移工也是人!洪申翰感性訴求 盼提升台灣勞動環境 | Hung Sung-han pushes to improve Taiwan’s working environment for migrant workers

Legislator Hung Sung-han emphasized: "migrant workers" are people" and should be treated as such. (Photo courtesy of Shutterstock)


There are still many aspects to be improved regarding the issue of foreign migrant workers in Taiwan. Taiwan, which originally made headlines this year for managing to keep the pandemic under control, but later severely damaged its image on the international stage because of its ban on migrant workers in Miaoli District.


Under the epidemic, it became apparent that migrant workers have not received their due respect in Taiwan. To this, Democratic Progressive Party (DPP, 民進黨)Legislator Hung Sung-han called on the people and the government to recognize and acknowledge that “migrant workers are also human beings.”


Hung pointed out that in the past, the government always regarded migrant workers as a “labor force”, but abandoned them whenever it came to the care and rights they deserved.


In this regard, he said that although this is a problem that requires time and energy to improve, what can be changed first is to establish more public dormitories and interpreters for migrant workers in Taiwan.

During the pandemic, we saw migrant workers prohibited from leaving their dorm rooms because of the cluster infection outbreak. However, it was not only migrant workers who had tested positive for the virus, yet they were the only ones to be treated unfairly and restrained.


Hung pointed out that the overcrowded dormitories would certainly increase the risk of further spreading of the virus. He pointed out that the government should have taken advantage of the opportunity to establish accommodation space that meets basic living needs with government resources, and set up public dormitories in industrial areas that are in line with international labor standards. In this way, it can also help employers bear part of the burden on housing.


On the other hand, Hung remarked that the government should also improve the interpretation and translation resources provided for migrant workers.


He said that although the number of migrant workers in Taiwan has exceeded 700,000, the resources for interpreters are very scarce.


He believes that many migrant workers in their own countries have gradually come to understand their rights with the gradual development of society; however, after arriving in Taiwan, perhaps due to language barriers, claiming and exercising these rights become increasingly difficult.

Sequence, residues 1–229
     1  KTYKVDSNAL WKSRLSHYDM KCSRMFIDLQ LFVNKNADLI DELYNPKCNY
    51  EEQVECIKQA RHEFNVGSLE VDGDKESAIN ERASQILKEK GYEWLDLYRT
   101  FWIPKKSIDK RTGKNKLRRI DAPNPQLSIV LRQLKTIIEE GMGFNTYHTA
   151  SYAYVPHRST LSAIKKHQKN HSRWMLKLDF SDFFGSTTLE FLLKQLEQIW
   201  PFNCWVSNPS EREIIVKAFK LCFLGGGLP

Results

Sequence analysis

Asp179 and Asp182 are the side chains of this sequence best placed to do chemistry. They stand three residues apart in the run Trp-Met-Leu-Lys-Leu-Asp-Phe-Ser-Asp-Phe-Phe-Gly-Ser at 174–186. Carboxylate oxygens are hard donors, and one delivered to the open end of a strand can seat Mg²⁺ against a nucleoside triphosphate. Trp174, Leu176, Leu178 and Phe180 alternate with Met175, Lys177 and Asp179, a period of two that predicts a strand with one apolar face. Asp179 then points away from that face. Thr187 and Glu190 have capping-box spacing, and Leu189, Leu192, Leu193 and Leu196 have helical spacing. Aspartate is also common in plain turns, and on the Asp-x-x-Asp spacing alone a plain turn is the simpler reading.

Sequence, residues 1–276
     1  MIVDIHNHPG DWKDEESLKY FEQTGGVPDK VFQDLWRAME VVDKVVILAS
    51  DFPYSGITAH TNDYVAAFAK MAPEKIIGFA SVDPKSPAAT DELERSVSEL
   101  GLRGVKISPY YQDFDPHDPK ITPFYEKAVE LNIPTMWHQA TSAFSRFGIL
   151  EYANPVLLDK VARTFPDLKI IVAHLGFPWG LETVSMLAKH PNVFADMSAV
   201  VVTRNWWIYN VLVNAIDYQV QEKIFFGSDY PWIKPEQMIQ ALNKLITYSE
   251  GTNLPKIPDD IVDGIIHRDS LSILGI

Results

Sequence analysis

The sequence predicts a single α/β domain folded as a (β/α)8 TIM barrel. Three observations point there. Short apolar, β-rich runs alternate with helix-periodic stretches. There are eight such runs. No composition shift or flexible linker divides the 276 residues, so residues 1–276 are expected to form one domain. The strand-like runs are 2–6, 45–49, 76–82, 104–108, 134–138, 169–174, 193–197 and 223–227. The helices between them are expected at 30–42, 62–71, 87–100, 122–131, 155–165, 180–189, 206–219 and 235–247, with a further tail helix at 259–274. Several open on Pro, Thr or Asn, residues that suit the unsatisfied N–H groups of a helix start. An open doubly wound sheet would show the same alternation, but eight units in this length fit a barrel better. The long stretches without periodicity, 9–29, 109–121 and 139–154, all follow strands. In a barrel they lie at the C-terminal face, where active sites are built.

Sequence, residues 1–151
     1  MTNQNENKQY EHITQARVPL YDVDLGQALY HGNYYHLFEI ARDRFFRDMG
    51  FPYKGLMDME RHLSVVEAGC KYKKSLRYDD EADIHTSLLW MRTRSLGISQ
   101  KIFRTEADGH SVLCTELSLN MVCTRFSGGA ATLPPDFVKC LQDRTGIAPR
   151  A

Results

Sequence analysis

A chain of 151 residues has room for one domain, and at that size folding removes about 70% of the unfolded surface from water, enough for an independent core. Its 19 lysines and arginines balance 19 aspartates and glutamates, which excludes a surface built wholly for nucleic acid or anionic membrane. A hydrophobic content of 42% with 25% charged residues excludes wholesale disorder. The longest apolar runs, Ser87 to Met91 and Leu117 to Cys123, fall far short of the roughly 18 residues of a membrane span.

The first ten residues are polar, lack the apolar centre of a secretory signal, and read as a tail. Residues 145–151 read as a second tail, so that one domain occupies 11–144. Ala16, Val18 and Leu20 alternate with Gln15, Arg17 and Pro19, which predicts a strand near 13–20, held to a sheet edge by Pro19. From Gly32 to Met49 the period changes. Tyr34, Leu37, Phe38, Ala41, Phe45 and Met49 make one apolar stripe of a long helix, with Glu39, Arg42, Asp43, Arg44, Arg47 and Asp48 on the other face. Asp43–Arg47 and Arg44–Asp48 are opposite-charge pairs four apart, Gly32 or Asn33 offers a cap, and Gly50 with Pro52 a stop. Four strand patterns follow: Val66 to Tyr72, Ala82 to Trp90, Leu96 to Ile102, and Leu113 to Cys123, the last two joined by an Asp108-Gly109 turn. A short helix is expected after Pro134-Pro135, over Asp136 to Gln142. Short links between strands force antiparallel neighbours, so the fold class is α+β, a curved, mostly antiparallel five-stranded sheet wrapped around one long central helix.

Hung said that “language is a basic thing”, and pointed out that all kinds of documents should be provided in various languages of Southeast Asian countries. Nonetheless, the government seems very reluctant to push this policy along, he said, adding that it is a problem that needs to be solved quickly.


Talking about the labor broker system in Taiwan, Hung said that for many years, the government has pushed many problems onto labor brokers when they should have taken responsibility. When labor brokers are unable to handle the issues properly, the problems are then handed over to the employers, creating pressure at different levels in society.

“The government needs to play a bigger role in this; not simply throw them (problems) to the employers or the market. If they do so, the disadvantaged will likely be exploited.”


The problem of illegal labor brokers is still present today and cannot be resolved based on the current evaluation and inspection regulations alone, Hung said. In addition, there is no way to protect those who are playing by the rules.


Too many of the government’s responsibilities now fall on the shoulders of the labor brokers, he continued, adding that he believes the problem faced by migrant workers is not a single problem, but an indication of the issues the system faces, overall.

If the working conditions of migrant workers are not good, it will also lower the working conditions and salary standards in Taiwan, Hung remarked.


He explained that if we can improve the problems faced by migrant workers now, “it can be of great help to Taiwan’s social welfare, care, labor and subsequently, various issues regarding the safety of all who live in Taiwan.”